They ain't afraid of no ghost.
With housing in short supply, 67% of prospective home buyers would purchase a haunted house as long as it was affordable, in a good location or had other appeal, a Zillow survey found.
The U.S. is short about 3.8 million housing units, both for rent and for sale, according to the most recent estimates from Freddie Mac. What is available is out of financial reach for most Americans. It now costs compared with renting an apartment, new analysis from real estate firm CBRE found.
"The combination of high prices, limited inventory and rising interest rates is creating a witches' brew of trouble for would-be homeowners," Manny Garcia, a senior population scientist at Zillow, said.
Zillow's survey found that 35% of prospective buyers would buy a haunted house if it cost less, while 40% could be convinced to purchase a haunted house if it had appealing features, such as a pool, a big backyard or a two-car garage. Around 35% of prospective buyers would go for a haunted house if it was in their neighborhood of choice.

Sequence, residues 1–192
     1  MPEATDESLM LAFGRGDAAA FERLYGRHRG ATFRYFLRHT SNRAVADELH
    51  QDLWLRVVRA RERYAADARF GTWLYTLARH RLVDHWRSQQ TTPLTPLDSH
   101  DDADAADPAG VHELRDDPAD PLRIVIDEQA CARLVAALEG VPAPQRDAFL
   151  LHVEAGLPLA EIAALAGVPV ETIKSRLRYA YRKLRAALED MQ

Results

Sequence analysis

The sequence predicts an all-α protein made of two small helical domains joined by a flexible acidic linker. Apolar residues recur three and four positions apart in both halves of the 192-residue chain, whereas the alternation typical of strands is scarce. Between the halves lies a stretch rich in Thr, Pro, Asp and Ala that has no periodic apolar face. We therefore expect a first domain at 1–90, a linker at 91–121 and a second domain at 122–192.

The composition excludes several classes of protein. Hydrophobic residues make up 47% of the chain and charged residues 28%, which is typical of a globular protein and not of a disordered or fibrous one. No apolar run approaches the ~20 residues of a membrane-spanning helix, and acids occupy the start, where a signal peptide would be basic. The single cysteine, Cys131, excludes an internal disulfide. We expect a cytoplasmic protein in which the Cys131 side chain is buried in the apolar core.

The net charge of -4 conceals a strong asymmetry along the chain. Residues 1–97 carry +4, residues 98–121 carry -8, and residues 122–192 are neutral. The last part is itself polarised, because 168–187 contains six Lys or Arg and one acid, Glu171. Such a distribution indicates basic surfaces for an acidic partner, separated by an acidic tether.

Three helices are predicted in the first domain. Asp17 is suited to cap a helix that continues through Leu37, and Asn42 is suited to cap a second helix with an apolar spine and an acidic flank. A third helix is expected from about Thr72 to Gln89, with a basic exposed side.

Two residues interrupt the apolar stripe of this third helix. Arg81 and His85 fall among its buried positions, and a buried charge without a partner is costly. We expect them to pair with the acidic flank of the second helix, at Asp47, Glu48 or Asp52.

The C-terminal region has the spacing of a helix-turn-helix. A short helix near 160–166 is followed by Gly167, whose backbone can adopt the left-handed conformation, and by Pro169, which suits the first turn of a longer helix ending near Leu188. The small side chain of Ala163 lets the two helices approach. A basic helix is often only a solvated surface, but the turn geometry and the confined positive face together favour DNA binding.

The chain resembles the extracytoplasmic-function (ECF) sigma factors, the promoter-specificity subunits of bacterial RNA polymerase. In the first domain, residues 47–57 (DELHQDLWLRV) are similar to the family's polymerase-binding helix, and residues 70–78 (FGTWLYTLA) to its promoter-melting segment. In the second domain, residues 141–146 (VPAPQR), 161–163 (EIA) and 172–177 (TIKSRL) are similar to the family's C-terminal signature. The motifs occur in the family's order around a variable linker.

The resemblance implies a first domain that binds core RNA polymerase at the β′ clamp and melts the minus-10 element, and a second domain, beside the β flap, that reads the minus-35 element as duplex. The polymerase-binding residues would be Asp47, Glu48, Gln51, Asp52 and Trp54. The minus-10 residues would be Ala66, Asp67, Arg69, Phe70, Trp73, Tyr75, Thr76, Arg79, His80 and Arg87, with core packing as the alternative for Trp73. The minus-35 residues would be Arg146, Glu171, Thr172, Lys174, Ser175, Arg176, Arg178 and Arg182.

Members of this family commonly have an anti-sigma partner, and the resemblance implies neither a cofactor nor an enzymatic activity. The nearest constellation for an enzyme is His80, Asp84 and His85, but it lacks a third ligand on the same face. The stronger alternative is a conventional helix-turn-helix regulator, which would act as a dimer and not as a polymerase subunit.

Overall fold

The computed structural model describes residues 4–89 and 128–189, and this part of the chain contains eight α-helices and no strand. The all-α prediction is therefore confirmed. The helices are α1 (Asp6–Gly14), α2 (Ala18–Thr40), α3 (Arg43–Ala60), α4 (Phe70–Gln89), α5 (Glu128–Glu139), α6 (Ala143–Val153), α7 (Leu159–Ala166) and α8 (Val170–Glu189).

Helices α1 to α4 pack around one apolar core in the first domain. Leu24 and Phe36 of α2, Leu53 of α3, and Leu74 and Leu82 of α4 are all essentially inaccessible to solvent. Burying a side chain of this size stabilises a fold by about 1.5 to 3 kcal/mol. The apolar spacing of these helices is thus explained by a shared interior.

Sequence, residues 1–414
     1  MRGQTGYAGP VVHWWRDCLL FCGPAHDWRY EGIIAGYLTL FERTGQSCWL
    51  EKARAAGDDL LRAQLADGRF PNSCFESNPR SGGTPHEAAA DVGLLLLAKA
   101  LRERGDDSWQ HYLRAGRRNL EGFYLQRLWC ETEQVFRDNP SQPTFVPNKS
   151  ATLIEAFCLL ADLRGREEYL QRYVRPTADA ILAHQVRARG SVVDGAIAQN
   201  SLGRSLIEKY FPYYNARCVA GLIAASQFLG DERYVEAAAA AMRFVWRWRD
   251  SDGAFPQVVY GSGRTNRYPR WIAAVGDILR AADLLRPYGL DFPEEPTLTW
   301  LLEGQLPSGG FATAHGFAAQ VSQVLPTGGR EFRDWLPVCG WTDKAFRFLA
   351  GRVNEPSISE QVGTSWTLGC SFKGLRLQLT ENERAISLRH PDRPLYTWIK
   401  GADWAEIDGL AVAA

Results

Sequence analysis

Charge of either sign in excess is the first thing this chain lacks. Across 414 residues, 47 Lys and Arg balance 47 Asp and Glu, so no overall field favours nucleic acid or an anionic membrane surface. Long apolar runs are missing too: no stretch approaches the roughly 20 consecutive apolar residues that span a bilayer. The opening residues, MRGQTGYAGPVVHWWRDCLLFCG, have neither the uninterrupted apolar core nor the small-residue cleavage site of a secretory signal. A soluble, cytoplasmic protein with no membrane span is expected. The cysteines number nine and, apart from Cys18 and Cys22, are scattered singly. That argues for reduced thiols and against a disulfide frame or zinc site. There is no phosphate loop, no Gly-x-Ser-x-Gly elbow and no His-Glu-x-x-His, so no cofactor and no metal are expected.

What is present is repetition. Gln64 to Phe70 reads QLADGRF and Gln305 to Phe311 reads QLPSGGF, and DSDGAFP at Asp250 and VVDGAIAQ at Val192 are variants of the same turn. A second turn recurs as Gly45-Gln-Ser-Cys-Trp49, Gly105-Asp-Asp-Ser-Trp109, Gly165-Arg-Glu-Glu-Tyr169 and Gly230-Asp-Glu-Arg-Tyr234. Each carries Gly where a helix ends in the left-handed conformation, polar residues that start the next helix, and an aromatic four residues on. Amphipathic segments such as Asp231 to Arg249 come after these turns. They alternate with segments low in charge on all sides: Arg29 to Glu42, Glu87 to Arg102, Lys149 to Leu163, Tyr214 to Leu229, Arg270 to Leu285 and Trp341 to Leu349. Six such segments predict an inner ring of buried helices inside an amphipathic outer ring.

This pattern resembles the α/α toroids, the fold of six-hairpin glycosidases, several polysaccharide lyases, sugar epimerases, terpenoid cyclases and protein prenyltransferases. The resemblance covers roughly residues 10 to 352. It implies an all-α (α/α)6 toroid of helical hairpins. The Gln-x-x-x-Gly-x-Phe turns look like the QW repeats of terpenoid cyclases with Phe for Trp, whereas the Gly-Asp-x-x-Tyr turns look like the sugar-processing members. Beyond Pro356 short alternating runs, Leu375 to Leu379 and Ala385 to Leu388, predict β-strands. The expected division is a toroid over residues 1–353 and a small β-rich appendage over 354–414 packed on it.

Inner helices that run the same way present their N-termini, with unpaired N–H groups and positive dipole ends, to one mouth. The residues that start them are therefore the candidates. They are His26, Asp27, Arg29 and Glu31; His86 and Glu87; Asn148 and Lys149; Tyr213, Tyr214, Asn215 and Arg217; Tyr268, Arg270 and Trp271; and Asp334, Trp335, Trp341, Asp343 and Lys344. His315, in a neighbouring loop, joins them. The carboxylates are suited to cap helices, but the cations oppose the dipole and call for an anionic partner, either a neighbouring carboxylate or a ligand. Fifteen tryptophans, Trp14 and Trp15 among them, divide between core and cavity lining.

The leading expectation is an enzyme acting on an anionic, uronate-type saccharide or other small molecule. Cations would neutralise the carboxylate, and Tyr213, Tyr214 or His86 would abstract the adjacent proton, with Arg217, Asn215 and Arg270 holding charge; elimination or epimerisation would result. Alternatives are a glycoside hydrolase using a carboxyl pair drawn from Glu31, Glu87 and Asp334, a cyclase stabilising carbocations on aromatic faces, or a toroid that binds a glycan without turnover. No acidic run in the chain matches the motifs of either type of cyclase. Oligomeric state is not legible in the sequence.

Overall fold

Zillow's latest monthly market report shows that housing inventory remains more than 10% lower than this time last year, and more than 40% lower than 2019 levels. A Zillow analysis also shows that buyers now need a six-figure income to comfortably afford the typical U.S. home, assuming a 10% down payment.
"When balancing so many priorities in an inventory-starved market, avoiding ghosts and ghouls doesn't always make the cut," Garcia said.
Not everyone needs the appeal of more affordable prices or a pool to consider a haunted house; ghosts are a major selling point for some home buyers. Zillow's survey found that 29% of prospective buyers were more likely to purchase a home if it were haunted.